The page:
Burke wakes up in a delirious state. Confused as to his whereabouts, the agent fires his gun into the night multiple times after hearing a sound. Each shots misses before he receives a substantial cut from an unknown assailant. The scene shifts to Ben and his classmate walking home following what’s assumed to be a date. She seals the event with a kiss, and it seems obvious that her mission in Wayward Pines is to win over the teenager’s heart. This is a rapid progression since Ben seems unfulfilled when his mother tells him they could be returning to Seattle soon. Before meeting this girl, Ben couldn’t wait to escape Wayward Pines.
The next morning, Ben is defensive about his friends and new love interest. Utilizing her motherly instincts, Theresa tries to protect him from the community. Predictably, he reacts unfavorably with dismay. Burke has survived the night. We learn this truth in a brief scene where Burke has a map, apparently far off from the strange community that’s overtaken his life. Wayward Pines shifts back to the Ben storyline. Nearly every classmate at his school is providing him with pleasantries and positivity. The dorky teen is unaccustomed to being the recipient of such behavior.
Theresa meets with a new character, Big Bill, because of a letter she received about a job prospect. The nicknamed man is a peculiar character with ceaseless energy for his age. Wayward Pines turns back to Ben. He enter an ominously white room, almost blindingly white, with two other students facing orientation. Mrs. Fisher enters and closes the door. The lights dim as she plays a video to her students. As she welcomes them, Burke continues his journey. Unfortunately, we receive less of Burke during much of this episode, and more of Ben. I’ve voiced in the past how Ben is the prototypical dull, dorky teen placed in the middle of an exceedingly unnecessary amount of TV shows.
Theresa visits the hospital, meeting another new character, Wayne Johnson, along the way. He’s her first job assignment with the goal being to give him a home. Like Burke was earlier in Wayward Pines, Wayne is consumed by confusion. He says he saw “something awful” following his accident. As Theresa inches closer toward Wayne, fully knowing that ears and eyes are ubiquitous, Pam lurks from behind. She pops in before the newly acquainted pair can finish their secret conversation. Back to Mrs. Fisher’s lecture and presentation. She shows a picture of a creature we witnessed at the end of episode four. Due to a “series of genetic mutations or aberrations,” we learn that these creatures of beastly strength are present in Wayward Pines.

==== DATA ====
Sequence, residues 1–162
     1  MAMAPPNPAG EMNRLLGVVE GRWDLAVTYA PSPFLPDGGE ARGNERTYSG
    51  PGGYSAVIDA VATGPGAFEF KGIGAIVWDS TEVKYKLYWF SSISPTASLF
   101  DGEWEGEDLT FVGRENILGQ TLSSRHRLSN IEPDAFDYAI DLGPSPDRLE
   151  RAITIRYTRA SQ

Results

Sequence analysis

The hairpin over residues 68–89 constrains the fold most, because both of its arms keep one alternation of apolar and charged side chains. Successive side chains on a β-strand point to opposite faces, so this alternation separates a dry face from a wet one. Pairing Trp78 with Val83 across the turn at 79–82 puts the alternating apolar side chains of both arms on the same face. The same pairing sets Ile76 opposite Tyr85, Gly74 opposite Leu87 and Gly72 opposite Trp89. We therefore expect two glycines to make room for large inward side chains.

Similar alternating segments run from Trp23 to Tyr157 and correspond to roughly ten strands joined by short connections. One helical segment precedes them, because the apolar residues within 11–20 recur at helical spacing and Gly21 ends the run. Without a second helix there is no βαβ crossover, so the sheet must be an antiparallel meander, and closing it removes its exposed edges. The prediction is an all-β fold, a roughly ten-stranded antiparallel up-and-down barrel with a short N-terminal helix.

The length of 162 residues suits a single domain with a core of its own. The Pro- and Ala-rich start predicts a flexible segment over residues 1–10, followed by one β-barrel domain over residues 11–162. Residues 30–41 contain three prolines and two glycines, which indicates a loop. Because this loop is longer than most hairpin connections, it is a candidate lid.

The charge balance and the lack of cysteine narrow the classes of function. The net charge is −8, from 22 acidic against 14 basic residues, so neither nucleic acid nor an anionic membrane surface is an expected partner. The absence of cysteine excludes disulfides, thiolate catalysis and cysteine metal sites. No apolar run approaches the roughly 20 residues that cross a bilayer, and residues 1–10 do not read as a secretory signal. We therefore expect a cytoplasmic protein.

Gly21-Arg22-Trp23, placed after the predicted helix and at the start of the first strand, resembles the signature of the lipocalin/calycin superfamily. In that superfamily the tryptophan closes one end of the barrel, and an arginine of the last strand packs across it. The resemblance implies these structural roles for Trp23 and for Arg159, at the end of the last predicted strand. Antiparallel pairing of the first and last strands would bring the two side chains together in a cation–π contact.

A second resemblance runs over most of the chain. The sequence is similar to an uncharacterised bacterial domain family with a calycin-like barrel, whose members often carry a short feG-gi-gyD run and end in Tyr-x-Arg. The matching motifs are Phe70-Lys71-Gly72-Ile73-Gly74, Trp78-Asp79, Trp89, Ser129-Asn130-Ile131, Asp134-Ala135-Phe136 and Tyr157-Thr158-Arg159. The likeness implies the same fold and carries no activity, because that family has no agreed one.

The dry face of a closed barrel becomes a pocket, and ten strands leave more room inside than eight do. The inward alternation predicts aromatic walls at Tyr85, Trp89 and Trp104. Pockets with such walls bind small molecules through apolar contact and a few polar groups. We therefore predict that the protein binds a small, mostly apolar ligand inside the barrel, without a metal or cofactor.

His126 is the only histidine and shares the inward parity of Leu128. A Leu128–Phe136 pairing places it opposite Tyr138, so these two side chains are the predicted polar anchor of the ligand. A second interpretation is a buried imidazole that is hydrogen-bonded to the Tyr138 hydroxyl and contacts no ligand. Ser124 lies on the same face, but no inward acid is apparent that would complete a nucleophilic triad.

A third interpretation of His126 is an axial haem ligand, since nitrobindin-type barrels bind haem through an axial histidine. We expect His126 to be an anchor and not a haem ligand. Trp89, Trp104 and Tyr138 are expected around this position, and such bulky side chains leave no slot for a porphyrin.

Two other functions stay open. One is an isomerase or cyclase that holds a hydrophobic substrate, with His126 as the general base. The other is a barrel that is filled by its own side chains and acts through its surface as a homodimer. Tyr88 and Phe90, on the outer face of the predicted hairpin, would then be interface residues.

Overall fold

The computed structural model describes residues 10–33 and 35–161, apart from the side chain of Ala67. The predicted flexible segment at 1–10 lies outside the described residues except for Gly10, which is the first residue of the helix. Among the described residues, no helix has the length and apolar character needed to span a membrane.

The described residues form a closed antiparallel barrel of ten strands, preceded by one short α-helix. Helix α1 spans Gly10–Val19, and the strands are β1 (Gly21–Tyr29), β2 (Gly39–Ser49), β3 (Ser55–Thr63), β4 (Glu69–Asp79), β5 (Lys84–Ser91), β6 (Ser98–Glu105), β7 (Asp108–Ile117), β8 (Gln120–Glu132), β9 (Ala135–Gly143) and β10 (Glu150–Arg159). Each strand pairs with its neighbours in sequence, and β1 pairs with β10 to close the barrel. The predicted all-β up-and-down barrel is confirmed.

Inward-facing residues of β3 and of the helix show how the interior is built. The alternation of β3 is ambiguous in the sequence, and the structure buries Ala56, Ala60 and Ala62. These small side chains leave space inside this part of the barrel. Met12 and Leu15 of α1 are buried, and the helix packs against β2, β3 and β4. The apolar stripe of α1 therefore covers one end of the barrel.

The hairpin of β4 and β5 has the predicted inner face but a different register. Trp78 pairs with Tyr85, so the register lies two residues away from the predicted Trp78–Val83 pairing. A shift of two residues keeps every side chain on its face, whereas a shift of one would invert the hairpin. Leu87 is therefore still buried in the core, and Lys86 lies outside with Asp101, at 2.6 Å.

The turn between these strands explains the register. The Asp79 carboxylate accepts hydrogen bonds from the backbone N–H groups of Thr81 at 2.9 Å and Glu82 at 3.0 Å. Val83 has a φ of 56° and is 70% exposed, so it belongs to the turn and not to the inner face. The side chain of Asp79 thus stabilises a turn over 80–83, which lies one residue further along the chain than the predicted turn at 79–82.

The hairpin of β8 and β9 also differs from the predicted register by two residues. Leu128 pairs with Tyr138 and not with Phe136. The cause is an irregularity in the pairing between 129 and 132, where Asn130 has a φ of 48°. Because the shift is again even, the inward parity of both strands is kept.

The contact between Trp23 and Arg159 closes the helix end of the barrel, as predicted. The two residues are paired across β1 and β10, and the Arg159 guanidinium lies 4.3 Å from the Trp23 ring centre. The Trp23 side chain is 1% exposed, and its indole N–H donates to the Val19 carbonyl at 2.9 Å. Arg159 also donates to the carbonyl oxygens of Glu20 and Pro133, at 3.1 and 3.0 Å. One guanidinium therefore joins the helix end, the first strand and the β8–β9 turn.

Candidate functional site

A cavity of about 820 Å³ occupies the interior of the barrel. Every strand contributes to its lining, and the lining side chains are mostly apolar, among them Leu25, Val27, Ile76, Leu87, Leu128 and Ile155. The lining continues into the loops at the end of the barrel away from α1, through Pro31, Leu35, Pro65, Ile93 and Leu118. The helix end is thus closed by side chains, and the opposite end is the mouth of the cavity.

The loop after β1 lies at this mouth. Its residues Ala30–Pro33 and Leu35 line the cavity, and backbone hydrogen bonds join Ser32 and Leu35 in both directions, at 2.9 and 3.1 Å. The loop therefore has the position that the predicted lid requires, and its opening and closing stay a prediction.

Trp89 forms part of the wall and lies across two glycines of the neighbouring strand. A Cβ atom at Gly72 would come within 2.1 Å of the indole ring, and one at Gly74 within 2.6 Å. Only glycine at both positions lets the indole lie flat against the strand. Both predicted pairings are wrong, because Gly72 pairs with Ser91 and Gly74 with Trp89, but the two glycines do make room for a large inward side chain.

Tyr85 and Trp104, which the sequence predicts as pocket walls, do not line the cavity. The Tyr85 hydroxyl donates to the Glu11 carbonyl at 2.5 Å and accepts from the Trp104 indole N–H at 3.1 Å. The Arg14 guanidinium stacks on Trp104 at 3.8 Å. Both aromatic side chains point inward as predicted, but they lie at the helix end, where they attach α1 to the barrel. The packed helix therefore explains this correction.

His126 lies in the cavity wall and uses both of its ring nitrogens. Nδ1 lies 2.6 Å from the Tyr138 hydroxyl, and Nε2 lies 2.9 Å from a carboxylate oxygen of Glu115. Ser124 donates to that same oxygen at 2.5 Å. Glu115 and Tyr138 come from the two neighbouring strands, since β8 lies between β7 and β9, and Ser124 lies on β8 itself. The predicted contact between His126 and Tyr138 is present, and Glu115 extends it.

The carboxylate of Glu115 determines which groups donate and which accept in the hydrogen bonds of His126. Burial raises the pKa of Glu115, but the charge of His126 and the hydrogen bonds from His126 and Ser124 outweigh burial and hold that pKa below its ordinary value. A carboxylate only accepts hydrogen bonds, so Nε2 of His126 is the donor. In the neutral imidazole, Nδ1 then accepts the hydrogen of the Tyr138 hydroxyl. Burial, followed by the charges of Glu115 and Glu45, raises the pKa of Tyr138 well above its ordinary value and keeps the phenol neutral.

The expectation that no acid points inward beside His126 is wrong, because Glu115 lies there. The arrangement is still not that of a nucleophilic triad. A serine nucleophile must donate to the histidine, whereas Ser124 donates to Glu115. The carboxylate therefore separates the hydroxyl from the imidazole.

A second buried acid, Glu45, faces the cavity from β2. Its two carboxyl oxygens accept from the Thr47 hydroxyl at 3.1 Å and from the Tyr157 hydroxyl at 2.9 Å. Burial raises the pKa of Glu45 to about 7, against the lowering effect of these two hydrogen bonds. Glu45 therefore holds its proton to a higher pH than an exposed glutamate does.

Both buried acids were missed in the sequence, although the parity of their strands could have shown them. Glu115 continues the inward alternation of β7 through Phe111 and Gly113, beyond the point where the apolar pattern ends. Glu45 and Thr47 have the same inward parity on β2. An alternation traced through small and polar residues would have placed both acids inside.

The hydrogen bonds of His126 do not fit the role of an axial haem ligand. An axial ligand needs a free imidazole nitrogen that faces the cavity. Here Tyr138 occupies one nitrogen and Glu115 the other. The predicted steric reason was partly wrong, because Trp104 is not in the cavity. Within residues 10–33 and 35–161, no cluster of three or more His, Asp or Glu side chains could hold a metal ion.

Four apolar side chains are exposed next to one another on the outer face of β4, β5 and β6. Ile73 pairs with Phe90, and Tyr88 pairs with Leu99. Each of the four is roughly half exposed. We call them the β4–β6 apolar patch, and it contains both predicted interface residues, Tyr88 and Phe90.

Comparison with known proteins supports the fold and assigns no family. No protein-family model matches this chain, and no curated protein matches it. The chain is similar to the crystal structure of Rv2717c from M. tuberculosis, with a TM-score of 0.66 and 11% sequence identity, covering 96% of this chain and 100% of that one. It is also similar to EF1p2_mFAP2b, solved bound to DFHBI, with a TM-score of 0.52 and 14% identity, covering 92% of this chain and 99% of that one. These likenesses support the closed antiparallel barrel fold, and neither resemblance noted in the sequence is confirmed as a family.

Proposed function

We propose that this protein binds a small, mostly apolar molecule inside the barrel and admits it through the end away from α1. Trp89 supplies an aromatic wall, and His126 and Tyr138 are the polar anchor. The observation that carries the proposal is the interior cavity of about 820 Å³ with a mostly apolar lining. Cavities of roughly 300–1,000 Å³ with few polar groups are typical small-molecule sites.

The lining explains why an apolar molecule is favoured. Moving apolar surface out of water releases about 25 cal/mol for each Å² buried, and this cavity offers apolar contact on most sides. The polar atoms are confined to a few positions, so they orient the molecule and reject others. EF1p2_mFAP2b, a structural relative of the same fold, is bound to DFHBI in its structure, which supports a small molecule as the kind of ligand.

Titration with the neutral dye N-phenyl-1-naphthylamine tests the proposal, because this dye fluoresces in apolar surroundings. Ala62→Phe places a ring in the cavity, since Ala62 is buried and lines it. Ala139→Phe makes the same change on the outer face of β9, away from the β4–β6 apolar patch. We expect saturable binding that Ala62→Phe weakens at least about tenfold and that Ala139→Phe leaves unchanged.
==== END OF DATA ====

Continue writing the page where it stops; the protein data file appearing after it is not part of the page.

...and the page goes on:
Sadly for Burke, he’s trapped in the wilderness with these monsters, at least temporarily. Multiple questions arise with the revelations of these “aberrations.” As Ben mentions, it’s odd that these forces exist in the wild, in society at large, potentially, yet he’s never come across one in person. Furthering the façade of her new role, Theresa takes Wayne to his new house. She scopes the scene for cameras, looking for any sliver of freedom where she and Wayne can talk truth. The amount of scene shifting in this installment of Wayward Pines is a headache. One moment it’s Theresa, the next it’s Burke being lost, and far too often we’re stuck with boring Ben and his freaky teacher.